Charlottesville and Albemarle County public school students have lower pass rates on state exams since the pandemic
The COVID-19 lockdown was a challenge to students’ academic success, and the just released statewide assessment scores show that Charlottesville City and Albemarle County Public Schools are seeing these challenges amplified for some of their most marginalized students.
The Virginia Department of Education (VDOE) delayed its release of its assessment scores for the 2022-2023 school year — usually released in August but this year released in mid-September — but the statewide results are clear: Students, across a majority of demographics and subjects, are making slight to significant improvements in test scores since returning to in-person learning, but many, especially non-white students, continue to struggle in testing on core topics, such as reading, math and science.
But Charlottesville and Albemarle County’s public schools have some of the greatest disparities of pass rates in the state, said Michele Claibourn, the director of equitable analysis for the University of Virginia’s Equity Center. The Center’s June 2023 Stepping Stones report is an analysis of the well-being of Charlottesville and Albemarle children and families using data sets, including SOL data that goes back to 2005. In the longer data, the report shows how revisions to the math and reading exams in 2012 and 2013, for example, led to declines in pass rates.
“Charlottesville and Albemarle have some of the biggest gaps in the state, but we want everyone to know that the current school systems’ resources are not sufficient to see students thriving,” said Claibourn. “It’s about closing these gaps that we observe among all these students.”
You can look up data for your school or district, including data and charts about SOL results, using this VDOE Virginia School Quality Profiles explorer. For example, here are the assessments for Charlottesville City Schools and here are the assessments for Albemarle County Public Schools. You can also find more charts and data visualizations in the UVA Equity Center’s Stepping Stones Report.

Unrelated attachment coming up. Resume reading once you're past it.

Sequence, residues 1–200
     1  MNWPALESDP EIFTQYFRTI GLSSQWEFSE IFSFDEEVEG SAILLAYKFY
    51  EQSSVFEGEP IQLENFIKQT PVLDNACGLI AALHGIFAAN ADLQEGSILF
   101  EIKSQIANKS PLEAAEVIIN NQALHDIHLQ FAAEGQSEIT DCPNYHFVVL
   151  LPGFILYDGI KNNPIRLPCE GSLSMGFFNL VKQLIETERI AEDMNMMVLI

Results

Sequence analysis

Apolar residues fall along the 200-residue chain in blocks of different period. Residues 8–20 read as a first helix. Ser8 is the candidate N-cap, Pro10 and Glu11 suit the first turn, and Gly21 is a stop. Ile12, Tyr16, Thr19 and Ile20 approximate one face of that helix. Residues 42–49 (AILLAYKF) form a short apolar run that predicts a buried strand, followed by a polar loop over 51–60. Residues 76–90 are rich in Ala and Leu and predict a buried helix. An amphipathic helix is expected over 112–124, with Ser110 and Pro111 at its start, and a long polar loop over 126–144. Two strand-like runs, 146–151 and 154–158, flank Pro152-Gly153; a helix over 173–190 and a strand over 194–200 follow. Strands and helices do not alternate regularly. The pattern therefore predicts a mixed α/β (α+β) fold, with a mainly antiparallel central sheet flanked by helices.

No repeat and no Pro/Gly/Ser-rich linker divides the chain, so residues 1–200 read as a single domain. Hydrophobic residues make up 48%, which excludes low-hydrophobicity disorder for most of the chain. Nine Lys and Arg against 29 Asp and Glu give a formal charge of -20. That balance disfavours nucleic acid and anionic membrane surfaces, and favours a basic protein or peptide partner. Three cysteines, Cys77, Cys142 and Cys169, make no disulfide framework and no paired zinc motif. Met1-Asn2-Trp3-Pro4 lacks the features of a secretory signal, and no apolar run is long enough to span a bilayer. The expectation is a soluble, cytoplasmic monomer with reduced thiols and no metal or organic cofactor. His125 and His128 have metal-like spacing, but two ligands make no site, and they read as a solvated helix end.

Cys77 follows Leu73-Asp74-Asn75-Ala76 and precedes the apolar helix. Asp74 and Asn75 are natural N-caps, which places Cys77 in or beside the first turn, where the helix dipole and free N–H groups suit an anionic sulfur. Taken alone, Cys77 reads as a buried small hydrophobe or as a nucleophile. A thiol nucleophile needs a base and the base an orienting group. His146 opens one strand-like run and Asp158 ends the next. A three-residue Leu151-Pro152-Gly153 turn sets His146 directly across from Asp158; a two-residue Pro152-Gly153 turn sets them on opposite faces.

You can also meet candidates for Charlottesville City Schools Board at an Oct. 18 forum, hosted by Charlottesville Tomorrow and Charlottesville United for Public Education. Here’s more information about the forum.
Albemarle County schools have seen pass rates decline for Black, Hispanic, and economically disadvantaged populations in topics such as reading and math, while chronic absenteeism has risen. Overall, the schools have pass rates the same or higher than state averages in some areas, including reading and history.
“While some pass rates were modestly higher this year, there’s no question that, overall, these scores are far off the mark when it comes to ensuring that all of our students are learning at their highest level,” Dr. Chandra Hayes, Albemarle County Public Schools Assistant Superintendent for Instruction, said in a news release.
Albemarle County school officials have proposed various initiatives to improve the test scores of schools that are falling behind state averages. At its Sept. 14 school board meeting, Patrick McLaughlin, Assistant Superintendent for Strategic Planning, said they are hoping to add more staff and implement “monitoring tools” to identify and track students’ development. For all schools, McLaughlin plans to include the recommendations proposed in the Bellwether report, which was produced by education consulting firm Bellwether Education Partners this spring and presented to the board in June.
Last year, Charlottesville City Schools scores had lower pass rates compared to the state in all assessment categories for all demographics, except for white students. The school board acknowledged the gaps, and says they’re embedding measures to improve student’s academic achievement in their strategic plan.
“The data is clear, whether it’s the SOL or not, we’re not serving all of the students,” said Emily Dooley, a Charlottesville City school board member, at their Oct. 5 public meeting.
Three City Schools — Clark Elementary School, Walker Upper Elementary School and Buford Middle School — were accredited with conditions, because of the disparities in their assessment results. Albemarle County Schools also had three schools that were accredited with conditions: Red Hill Elementary School, Mary Carr Greer Elementary and Woodbrook Elementary School.
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According to the assessments, each school has poor results for chronic absenteeism, and results in English reading and writing, mathematics or science. If a school is denied accreditation, they could lose their license to operate.
Surrounding counties are catching up to, and sometimes surpassing, state averages in SOL scores. Many Nelson and Louisa County public school students are showing improvements from their COVID-19 lockdown SOL scores and are getting higher scores than neighboring school divisions. Many groups of students in Greene County Public School students, however, are performing below state averages.
Madison County Public School fared similar to Charlottesville City and Albemarle County schools — one of their schools was also accredited with conditions and their Black, Hispanic and economically disadvantaged students are scoring below state averages. The disparity in average scores for Black students in Fluvanna County Public Schools is high; they have seen slight increases in test scores, particularly in math, but decreases, in reading, writing and history scores.